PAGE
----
exposing the pattern onto the substrate;
determining a mask critical dimension (CD) side-to-side tilting error, wherein the determining is performed using a first function expressing the critical dimension error in terms of an exposure time of the substrate;
correlating the mask CD side-to-side tilting error with a scan speed of a scanning mechanism used in developing the substrate, wherein the correlating is performed using a second function expressing the critical dimension error in terms of a scan speed of the scanning mechanism;
identifying an optimal scan speed for minimizing the mask CD side-to-side tilting error based on the correlation between the determined mask CD side-to-side tilting error and the scan speed, wherein the identifying is performed by substantially equating the first function and the second function; and
developing the substrate using the optimal scan speed.
17. The method of claim 16, wherein identifying the optimal scan speed further includes adjusting the scan speed dynamically until the first function is substantially equal to the second function.
18. The method of claim 16, wherein the first function is y1=a1*x1+a0, wherein y1 is the critical dimension error of a local area on the substrate, wherein x1 is the exposure time, and wherein a0 and a1 are constants.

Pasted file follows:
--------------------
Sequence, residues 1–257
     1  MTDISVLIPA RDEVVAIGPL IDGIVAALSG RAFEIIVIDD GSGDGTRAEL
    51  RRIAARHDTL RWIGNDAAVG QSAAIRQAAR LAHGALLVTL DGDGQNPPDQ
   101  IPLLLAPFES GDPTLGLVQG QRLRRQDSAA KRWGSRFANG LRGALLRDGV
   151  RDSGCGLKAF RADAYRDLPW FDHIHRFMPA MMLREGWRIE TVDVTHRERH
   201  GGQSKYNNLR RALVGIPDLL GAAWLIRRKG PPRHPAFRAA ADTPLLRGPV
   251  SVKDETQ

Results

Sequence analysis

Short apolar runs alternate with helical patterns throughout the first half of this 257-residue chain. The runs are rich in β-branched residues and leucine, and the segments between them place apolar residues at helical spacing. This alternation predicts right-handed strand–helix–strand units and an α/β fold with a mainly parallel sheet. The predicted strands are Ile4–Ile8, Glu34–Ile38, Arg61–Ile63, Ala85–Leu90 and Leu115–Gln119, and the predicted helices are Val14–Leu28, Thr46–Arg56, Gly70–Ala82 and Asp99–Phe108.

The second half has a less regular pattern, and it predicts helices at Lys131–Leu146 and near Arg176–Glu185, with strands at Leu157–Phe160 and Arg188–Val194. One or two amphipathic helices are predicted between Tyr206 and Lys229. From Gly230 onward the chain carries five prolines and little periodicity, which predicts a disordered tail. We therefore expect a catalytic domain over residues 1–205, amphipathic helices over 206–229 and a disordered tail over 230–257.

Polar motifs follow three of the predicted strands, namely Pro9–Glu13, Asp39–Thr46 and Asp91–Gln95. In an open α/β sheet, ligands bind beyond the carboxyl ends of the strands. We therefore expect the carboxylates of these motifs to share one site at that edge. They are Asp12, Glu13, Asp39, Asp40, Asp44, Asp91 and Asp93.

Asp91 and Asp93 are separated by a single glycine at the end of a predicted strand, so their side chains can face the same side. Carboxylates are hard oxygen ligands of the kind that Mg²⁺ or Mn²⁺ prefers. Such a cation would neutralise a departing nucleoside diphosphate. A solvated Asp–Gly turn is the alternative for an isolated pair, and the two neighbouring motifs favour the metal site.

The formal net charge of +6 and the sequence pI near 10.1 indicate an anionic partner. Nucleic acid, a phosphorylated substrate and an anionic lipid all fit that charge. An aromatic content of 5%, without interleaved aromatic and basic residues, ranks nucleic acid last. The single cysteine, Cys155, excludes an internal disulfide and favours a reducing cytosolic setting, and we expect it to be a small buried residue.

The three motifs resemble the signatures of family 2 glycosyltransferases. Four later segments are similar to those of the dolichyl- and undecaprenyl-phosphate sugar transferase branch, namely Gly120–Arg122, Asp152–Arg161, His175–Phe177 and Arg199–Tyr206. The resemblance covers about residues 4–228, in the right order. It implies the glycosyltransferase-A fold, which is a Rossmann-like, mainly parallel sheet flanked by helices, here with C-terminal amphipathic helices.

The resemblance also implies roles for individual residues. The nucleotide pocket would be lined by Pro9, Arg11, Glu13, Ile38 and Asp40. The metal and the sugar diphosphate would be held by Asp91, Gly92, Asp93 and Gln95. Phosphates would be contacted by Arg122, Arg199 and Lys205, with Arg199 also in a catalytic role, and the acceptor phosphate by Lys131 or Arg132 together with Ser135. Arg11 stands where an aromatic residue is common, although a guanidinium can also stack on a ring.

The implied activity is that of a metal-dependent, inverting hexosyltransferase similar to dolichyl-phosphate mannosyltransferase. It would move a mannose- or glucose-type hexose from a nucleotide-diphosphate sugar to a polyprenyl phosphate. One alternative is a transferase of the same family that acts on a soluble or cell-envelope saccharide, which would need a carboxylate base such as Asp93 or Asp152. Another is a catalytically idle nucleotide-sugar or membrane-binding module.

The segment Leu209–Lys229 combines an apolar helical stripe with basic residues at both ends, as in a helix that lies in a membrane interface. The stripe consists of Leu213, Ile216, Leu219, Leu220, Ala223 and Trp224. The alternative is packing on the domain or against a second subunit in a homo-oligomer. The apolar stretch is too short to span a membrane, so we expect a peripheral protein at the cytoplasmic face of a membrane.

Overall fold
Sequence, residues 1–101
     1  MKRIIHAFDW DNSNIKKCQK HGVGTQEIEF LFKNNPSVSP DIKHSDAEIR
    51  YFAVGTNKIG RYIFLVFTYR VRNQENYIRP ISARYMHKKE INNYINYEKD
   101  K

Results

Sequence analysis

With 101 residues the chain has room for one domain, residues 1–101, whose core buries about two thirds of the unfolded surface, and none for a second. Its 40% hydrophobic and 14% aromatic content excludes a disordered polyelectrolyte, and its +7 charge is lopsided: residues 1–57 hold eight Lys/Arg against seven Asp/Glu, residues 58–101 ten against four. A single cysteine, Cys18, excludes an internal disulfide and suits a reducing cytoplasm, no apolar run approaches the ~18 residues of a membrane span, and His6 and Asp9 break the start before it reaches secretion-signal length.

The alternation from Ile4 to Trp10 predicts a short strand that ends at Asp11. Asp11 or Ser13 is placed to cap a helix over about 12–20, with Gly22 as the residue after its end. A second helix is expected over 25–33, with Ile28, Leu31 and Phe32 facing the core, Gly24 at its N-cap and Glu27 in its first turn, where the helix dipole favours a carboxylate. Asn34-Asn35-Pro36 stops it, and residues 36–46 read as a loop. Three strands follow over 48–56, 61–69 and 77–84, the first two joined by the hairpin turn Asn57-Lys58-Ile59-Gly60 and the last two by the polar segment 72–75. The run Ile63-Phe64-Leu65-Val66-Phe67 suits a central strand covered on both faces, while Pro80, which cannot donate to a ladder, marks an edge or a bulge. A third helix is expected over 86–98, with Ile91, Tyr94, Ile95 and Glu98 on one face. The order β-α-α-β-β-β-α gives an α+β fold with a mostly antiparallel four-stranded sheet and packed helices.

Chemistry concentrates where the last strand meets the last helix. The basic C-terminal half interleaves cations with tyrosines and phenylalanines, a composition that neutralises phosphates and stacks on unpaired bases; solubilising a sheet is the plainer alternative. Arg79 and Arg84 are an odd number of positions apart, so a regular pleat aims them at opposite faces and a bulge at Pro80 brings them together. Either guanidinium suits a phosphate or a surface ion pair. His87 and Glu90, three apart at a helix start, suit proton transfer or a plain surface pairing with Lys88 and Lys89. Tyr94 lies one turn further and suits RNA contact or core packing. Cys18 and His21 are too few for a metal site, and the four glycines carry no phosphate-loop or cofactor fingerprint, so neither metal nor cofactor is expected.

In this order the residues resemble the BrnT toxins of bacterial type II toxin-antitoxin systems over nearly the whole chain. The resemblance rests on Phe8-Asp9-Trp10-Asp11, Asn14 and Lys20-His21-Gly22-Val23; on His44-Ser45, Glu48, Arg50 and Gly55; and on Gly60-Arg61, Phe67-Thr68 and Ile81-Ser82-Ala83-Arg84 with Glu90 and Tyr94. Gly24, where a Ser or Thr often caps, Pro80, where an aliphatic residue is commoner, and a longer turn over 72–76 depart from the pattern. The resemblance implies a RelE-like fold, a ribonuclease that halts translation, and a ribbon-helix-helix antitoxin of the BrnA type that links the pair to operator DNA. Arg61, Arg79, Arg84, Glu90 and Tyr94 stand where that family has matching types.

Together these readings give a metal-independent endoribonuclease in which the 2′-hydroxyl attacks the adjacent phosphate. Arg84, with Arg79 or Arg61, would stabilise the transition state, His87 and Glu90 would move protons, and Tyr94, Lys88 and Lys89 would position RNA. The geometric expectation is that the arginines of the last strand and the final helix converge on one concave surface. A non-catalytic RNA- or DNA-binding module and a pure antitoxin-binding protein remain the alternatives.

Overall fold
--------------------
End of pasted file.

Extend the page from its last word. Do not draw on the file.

19. The method of claim 16, wherein the second function is y2=b1*x2+b0, wherein y2 is the critical dimension error of a local area on the substrate, wherein x2 is the scan speed, and wherein b0 and b1 are constants.
Description
BACKGROUND

In semiconductor manufacturing technology, a mask (also referred to as a photomask or reticle) is used by a photolithography system to expose a pattern onto a substrate. The pattern can include many small or tight features, which are defined by a critical dimension (CD). However, as critical dimensions become smaller, for example from 45 nm to 32 nm, the time required to expose the pattern on the substrate becomes longer. For example, it is not unusual to require 5 to 10 hours to expose a mask pattern on a substrate.

As exposure times become longer, certain problems can arise. One such problem is referred to as a blank photoresist vacuum effect. The blank photoresist vacuum effect refers to variations in the sensitivity of the photo-sensitive material (e.g., the resist) used on the substrate that occur during long exposure times. These variations in sensitivity can cause shifting of critical dimensions between local areas of the substrate. The shifting of critical dimensions between local areas is referred to as a CD side-to-side tilting error. The CD side-to-side tilting error in turn affects the CD uniformity of the underlying substrate.